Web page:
A certain xenophobia factors into that resentment. To hear Orthodox clerics tell it, many of Russia's regions are already heavily influenced by Protestants and Pentecostals--particularly eastern Siberia and Yakutia in the Far East, where money from South Korea and the United States is flowing in. By comparison, the Orthodox Church feels like a poor cousin. Father Vsevolod, chaplain of the Moscow patriarchy likens the Orthodox Church to a beggar, emerging from communism empty-handed. Strictly speaking, it doesn't own its buildings, nor the land they stand on. "The church got nothing" from Russia's political transition, he complains. Lately it began lobbying to reclaim at least a fraction of its vast prerevolutionary property, as yet without luck. Unlike other churches that receive heavy funding from abroad, the Orthodox Church survives mainly off donations from not-so-rich Russians.
The church, though, does have the government on its side. Father Stanislav Krajnak is but one of a number of non-Orthodox churchmen to complain of state harassment. Right now, after two years as the priest of his Catholic congregation of 100 in the city of Yaroslavl, northeast of Moscow, the Slovakia native is packing his bags--the latest in a series of Catholic priests to be kicked out of Russia. He tells of anti-Catholic demonstrations arranged by local Orthodox priests in collusion with government authorities, including the FSB, the domestic successor to the old KGB. LET US DEFEND RUSSIAN LAND AGAINST THE OCCUPIERS! placards read. (Local authorities deny involvement.) When he sought to visit Kazakhstan in July, he was denied entry. The same thing happened when he wanted to go to Belarus. And recently, when he went to renew his Russian residency permit, he was told to get out of the country by the end of --this month. No reason was given. Father Krajnak's troubles are part of a larger chess match that began in February, when the Vatican announced that it was upgrading its four "apostolic administrations" in Russia to the status of dioceses, headed by full bishops. Orthodox officials interpreted that as evidence that the Vatican was launching a missionary offensive in Russia. The Moscow patriarchy denounced the move as a "declaration of war" on the Mother Church. Parliament took up the cause. "The Russian state must show that it is not only able to defend the physical borders of the country, but also its spiritual values," declared one deputy, Gennady Raikov. In April, authorities banned two leading Catholics from re-entering the country: Polish priest Jerzy Mazur, the bishop of Saint Joseph's diocese in the Siberian city of Irkutsk, and the Italian Stefano Caprio, pastor of Catholic parishes in the Russian cities of Vladimir and Ivanovo.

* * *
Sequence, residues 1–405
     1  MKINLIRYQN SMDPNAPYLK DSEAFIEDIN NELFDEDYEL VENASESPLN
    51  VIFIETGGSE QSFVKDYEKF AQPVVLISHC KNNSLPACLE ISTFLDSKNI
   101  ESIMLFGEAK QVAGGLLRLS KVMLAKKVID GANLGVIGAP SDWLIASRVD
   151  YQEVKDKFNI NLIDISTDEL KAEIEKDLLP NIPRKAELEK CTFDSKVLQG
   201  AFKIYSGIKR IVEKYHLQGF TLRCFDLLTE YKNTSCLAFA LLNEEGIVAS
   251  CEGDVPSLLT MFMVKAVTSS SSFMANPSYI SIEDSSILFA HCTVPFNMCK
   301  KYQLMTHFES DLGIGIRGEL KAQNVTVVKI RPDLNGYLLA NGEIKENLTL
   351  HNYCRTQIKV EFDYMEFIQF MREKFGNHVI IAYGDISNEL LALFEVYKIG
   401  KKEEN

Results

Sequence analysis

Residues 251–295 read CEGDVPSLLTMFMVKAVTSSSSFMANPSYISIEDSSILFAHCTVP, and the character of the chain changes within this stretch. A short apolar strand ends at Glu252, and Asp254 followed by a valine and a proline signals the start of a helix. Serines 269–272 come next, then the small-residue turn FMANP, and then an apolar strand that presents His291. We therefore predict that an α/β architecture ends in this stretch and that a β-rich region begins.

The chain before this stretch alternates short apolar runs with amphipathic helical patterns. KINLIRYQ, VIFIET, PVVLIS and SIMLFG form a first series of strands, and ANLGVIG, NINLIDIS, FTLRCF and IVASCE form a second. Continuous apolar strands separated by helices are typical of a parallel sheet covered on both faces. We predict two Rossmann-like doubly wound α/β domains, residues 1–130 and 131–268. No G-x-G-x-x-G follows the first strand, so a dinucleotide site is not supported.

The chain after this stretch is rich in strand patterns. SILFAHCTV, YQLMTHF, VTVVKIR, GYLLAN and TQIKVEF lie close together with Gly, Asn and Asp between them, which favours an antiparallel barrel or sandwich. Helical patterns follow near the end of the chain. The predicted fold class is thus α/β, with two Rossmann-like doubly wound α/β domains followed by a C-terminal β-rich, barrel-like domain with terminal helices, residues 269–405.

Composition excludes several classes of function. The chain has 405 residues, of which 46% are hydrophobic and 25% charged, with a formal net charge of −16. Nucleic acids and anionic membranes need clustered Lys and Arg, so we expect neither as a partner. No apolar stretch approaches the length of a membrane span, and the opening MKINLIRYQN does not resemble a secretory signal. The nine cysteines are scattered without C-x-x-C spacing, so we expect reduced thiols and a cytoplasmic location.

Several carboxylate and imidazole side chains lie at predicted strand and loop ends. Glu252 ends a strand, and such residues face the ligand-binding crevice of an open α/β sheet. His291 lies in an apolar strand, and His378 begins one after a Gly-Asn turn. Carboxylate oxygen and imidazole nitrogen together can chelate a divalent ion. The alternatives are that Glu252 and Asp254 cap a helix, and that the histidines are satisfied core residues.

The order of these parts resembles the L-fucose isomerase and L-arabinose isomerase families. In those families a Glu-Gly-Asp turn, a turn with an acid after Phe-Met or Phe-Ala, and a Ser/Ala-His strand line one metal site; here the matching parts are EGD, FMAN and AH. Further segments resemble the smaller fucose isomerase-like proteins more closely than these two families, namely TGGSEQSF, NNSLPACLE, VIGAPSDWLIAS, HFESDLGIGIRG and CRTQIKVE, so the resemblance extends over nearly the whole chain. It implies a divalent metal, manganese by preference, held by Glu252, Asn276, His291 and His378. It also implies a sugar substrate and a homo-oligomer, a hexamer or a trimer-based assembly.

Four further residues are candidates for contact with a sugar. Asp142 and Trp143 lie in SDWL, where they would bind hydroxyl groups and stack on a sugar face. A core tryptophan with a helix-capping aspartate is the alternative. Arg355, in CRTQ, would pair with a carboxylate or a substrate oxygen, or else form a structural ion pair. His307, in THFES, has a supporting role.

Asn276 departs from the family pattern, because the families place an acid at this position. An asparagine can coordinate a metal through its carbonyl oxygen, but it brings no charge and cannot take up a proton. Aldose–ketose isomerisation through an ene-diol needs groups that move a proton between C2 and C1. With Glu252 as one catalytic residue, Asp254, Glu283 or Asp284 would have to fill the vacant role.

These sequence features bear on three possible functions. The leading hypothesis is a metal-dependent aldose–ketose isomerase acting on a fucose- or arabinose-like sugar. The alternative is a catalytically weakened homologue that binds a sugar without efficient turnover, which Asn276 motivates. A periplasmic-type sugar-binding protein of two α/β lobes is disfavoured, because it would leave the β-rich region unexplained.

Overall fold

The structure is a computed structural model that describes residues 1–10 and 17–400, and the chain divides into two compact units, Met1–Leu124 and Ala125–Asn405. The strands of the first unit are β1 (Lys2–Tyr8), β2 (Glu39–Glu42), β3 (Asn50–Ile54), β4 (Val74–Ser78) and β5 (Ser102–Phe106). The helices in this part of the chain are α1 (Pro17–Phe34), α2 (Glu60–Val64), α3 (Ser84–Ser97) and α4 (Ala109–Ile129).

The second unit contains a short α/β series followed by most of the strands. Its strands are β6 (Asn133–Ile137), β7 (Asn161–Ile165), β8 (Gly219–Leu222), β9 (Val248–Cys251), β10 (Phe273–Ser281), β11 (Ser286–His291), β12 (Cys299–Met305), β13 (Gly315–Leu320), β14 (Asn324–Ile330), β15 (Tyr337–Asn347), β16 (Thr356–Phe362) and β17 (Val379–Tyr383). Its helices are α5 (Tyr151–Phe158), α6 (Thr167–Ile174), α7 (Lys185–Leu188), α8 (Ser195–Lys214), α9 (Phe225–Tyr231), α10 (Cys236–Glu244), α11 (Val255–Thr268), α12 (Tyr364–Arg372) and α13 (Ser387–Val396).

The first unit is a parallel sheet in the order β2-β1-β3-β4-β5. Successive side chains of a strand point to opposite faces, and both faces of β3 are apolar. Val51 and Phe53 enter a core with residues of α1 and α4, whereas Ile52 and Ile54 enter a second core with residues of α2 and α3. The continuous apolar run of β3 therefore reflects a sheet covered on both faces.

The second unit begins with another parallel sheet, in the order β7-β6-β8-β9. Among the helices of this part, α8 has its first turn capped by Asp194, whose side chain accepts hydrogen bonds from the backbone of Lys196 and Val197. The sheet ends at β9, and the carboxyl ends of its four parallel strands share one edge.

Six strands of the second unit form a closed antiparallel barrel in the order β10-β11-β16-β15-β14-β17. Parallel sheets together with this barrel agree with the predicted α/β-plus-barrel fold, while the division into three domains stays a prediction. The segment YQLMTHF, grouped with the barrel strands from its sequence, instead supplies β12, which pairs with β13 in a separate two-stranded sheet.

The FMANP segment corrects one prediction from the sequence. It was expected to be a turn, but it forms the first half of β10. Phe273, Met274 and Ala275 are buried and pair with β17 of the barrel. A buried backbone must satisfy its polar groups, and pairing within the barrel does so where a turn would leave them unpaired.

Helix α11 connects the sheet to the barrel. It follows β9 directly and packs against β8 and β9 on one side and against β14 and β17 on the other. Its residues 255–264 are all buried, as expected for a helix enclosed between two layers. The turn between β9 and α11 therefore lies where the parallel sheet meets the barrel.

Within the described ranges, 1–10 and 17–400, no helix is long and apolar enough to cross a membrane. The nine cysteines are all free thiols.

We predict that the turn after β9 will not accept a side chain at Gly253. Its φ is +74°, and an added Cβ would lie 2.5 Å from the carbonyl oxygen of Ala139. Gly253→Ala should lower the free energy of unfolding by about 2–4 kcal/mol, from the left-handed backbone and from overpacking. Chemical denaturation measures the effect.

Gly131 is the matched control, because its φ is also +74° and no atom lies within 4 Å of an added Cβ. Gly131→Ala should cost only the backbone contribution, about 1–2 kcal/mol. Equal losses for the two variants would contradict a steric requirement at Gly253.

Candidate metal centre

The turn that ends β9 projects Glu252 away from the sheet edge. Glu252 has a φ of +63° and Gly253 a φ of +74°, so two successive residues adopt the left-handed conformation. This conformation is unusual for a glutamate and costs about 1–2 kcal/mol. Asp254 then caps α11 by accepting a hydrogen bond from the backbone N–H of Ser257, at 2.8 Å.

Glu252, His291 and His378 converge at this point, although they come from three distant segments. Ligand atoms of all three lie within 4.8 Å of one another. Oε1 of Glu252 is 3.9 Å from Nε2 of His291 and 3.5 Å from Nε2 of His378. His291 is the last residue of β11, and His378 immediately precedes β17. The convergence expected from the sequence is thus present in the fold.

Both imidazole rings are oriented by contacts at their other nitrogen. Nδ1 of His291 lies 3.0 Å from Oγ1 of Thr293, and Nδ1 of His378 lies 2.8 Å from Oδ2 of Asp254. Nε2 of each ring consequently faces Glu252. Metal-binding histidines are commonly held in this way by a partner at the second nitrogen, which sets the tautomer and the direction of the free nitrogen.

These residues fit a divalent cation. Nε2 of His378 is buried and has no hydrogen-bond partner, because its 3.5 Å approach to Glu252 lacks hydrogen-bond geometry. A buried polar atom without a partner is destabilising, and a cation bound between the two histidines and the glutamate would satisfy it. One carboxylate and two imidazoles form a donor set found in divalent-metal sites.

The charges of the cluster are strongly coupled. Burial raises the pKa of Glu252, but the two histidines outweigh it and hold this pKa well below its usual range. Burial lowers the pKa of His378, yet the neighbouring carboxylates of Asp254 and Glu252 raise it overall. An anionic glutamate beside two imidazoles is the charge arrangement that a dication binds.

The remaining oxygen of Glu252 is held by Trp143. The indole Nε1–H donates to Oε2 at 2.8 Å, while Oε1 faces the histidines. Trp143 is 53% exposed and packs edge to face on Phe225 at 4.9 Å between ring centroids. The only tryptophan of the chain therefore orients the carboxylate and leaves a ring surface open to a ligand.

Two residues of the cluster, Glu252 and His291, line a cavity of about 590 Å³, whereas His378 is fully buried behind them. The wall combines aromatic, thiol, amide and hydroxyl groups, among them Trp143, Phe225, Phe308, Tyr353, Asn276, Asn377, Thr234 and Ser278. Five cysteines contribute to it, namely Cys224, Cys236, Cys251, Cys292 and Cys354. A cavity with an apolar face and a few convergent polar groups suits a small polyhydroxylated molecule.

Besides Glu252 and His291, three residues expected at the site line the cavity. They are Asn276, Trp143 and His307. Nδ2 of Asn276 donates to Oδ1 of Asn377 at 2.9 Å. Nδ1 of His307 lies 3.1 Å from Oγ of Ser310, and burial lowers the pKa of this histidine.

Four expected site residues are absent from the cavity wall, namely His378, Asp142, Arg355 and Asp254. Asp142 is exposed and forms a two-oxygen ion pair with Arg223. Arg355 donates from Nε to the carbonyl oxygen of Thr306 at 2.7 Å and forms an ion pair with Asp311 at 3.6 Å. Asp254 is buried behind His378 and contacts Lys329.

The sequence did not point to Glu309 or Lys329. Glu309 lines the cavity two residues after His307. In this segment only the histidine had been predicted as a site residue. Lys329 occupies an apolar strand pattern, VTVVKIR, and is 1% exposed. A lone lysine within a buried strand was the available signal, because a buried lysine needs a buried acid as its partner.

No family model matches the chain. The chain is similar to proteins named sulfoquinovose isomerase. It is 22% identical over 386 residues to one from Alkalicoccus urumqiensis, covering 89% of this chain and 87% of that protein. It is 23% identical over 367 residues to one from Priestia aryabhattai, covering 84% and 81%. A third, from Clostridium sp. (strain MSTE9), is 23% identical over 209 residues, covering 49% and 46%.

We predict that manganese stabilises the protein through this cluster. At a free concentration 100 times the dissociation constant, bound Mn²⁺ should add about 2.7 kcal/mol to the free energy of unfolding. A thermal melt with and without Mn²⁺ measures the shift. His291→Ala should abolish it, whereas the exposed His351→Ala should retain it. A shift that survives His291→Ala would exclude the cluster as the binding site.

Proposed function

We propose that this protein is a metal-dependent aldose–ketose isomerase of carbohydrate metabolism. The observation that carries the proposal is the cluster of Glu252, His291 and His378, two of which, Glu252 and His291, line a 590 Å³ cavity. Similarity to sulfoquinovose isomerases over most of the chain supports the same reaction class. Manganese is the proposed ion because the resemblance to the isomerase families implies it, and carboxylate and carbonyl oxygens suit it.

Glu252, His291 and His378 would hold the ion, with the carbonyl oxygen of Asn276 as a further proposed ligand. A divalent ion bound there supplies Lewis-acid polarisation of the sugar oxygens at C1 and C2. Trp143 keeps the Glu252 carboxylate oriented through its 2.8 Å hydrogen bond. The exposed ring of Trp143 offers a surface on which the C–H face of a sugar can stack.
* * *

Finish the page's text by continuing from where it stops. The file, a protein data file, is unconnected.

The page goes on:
All this understandably worries non-Orthodox religious leaders. For one thing, such partisanship runs run counter to the Russian Constitution, which clearly separates church and state. "We are very worried by this," says Archbishop Tadeusz Kondrusiewicz, head of Russia's Catholics. "We see the Russian Orthodox Church becoming part of the apparatus of state." Maxim Shevchenko, a specialist in politics and religion who hosts Radio Mayak's nationwide "Choice of Faith" program, puts it more bluntly. "For years the church was not really part of the society at large. Now they want orthodoxy to be the same as being Russian." Whereas Catholics hope to win a following in Russia over the coming decades, he adds, the Orthodox Church is pushing for recognition as the official state religion. Parliament also recently passed a bill allowing authorities to crack down on "religious extremism," but critics fear this could be used against faiths like Islam and other real or imagined enemies.
It's possible that the Orthodox Church will overreach in its grab for power, that the strategy of cozying up to the government will backfire. Historian Orlando Figes notes in a recent book that many Orthodox abandoned the church in the late 19th century precisely because it became too close to the hated state. There's also a chance that Catholics and Orthodox might iron out their differences. Here and there are promising signs: a jointly managed Orthodox-Catholic charity, for instance, or Orthodox priests teaching at Catholic seminaries. "We have to respond to the challenges of the modern world together," says Archbishop Kondrusiewicz. Perhaps. At the same time, however, it would be dangerous to ignore Russia's fatal penchant for monopolies. If matters continue on their present course, other religions may not "drown," as Belgorod's Catholics worry. But they will find it harder and harder to stay afloat.